Don’t Look Up is listed as a comedy on IMDb but it didn’t make me laugh. The movie’s message is way too serious for chuckles. On the surface it’s the story of two astronomers who struggle to convince people that a comet is heading for Earth. Of course, the comet is the climate crisis and we real-life viewers are the ones in denial.
There’s no denying that Don’t Look Up is scarily accurate. Climate change is happening. The forecasts are as frightening as a big comet headed for Earth. Yet on the whole, many of us don’t seem to take global heating very seriously. If we did, perhaps we wouldn’t watch TV shows on the Internet. One hour of viewing produces the same amount of carbon dioxide as driving 300 metres in a car.
Psychologists are investigating the reasons for climate change denial. They already know there’s an issue with how our minds deal with large, complex problems that still seem some way off. If you prefer to focus on the smaller, more digestible problems of today then you’re certainly not alone! I’m like that too. Many humans are.
Climate change denial and its little sister climate change avoidance aren’t straightforward. This is where Don’t Look Up misfires in its depiction of comet deniers. The movie makes fun of society’s observable on-the-surface responses but doesn’t go deeper into human motives. Don’t Look Up suggests the problem is a culture that can’t cope with bad news. Everyone is obsessed with frivolity and light-hearted jokes. Nobody wants to be sad. Some characters even believe the comet will be good for the economy. I think the movie would’ve worked better if it had focused on a family of deniers and their individual reasoning. Instead it paints society with very broad brushstrokes.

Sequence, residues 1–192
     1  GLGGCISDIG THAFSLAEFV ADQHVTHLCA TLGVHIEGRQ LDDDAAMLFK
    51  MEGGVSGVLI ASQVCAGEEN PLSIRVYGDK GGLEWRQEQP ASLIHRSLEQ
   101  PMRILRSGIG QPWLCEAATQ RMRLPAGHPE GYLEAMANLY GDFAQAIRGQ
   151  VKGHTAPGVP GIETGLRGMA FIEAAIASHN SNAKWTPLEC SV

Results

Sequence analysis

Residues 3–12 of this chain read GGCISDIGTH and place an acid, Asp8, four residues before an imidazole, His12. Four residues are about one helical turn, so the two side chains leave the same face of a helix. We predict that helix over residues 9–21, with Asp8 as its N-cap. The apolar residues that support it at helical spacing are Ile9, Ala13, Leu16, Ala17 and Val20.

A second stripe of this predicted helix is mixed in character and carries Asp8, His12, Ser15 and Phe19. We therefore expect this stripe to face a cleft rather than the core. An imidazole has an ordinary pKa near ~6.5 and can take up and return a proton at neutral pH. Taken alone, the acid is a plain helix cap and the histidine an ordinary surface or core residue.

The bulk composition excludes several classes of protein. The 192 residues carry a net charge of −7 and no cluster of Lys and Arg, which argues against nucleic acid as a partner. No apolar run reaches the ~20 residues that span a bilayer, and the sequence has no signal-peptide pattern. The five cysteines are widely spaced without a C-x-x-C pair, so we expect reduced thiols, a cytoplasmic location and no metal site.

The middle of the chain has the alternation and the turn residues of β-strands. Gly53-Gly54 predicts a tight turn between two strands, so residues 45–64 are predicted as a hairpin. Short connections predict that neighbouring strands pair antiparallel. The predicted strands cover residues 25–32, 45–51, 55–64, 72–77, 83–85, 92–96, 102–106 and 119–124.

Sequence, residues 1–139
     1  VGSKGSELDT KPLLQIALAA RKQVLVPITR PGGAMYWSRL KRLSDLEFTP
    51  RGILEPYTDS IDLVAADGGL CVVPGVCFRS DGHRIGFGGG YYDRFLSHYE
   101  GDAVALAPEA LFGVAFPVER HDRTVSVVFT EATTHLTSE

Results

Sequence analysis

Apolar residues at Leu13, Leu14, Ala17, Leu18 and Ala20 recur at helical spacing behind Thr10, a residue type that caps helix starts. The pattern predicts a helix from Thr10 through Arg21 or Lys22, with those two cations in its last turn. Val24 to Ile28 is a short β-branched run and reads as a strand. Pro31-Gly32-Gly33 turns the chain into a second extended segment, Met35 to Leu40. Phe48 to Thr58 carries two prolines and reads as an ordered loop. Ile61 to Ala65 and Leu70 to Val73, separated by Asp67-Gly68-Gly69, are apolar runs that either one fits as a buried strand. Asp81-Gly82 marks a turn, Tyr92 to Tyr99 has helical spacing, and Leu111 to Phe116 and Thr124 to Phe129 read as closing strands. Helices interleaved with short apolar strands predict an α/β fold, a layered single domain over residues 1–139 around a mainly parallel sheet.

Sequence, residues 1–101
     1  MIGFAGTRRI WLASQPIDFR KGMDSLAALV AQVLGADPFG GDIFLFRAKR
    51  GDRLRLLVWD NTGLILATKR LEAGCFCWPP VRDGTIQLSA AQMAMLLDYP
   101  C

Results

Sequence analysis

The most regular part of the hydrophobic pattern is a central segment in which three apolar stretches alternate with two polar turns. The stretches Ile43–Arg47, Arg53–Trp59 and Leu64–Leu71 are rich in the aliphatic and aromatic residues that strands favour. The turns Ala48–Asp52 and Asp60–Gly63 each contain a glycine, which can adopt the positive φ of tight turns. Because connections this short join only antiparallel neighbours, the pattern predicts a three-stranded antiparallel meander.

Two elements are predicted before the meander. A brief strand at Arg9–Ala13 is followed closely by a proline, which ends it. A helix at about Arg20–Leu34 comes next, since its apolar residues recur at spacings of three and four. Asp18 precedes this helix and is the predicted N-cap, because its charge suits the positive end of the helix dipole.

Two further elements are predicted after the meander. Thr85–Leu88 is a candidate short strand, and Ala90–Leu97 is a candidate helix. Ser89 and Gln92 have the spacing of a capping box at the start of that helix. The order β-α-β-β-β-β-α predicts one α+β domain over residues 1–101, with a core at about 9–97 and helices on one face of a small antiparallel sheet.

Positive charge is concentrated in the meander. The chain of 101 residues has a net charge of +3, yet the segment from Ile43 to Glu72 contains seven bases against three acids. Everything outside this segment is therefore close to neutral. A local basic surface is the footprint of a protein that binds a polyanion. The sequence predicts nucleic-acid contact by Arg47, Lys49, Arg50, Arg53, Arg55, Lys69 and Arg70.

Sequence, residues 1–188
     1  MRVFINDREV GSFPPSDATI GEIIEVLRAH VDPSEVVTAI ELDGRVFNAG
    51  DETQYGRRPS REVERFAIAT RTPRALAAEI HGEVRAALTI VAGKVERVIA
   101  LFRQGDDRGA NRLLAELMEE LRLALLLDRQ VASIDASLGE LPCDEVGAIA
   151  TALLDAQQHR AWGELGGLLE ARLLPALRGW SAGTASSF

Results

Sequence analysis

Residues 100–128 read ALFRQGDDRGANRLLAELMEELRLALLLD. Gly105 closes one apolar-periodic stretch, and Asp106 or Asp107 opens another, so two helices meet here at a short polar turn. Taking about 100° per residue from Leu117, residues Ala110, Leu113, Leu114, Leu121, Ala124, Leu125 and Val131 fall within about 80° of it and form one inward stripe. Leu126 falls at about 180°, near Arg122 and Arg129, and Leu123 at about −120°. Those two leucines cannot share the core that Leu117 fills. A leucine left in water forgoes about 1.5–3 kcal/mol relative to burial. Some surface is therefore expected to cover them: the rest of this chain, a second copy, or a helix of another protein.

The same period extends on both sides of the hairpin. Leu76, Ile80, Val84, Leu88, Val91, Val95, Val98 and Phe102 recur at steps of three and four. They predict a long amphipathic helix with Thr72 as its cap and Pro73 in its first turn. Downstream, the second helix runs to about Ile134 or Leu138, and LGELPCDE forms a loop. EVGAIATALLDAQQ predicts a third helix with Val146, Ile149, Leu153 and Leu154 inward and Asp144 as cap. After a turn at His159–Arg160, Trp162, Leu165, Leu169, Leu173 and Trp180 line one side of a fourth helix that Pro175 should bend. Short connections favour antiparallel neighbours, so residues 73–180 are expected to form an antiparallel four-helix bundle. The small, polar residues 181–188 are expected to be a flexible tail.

Of course, there’s truth in Don’t Look Up’s depiction of responses to climate change. But because it doesn’t go in deep it comes across as patronising. Millions of people know that humanity faces some serious problems. If they aren’t responding quickly enough, it’s not because they’d rather have a giggle. They don’t need Leonardo di Caprio to tell them that Earth faces some serious issues.
Don’t Look Up is a polemical film, made to move hearts and minds. If I were being unsympathetic I’d even call it a preach piece. That’s why I’m upset with its rather single minded, superficial depiction of climate change denial. And it doesn’t help that some of the actors in the movie are extremely rich. After viewing Don’t Look Up I felt as if I’d been spoken down to from the heights of Mount Olympus.
It has to be said that Don’t Look Up isn’t a bad movie. I enjoyed the story and really appreciated seeing Meryl Streep, Cate Blanchett, Leonardo di Caprio and Jennifer Lawrence. The script worked and I loved Meryl Streep’s final scene. You must make sure you watch the film right to the end to catch that!
Don’t Look Up works as a fun disaster movie in the comet-heading-this-way genre. If you like those sorts of films, you will definitely enjoy Don’t Look Up as a disaster movie with a megawatt cast.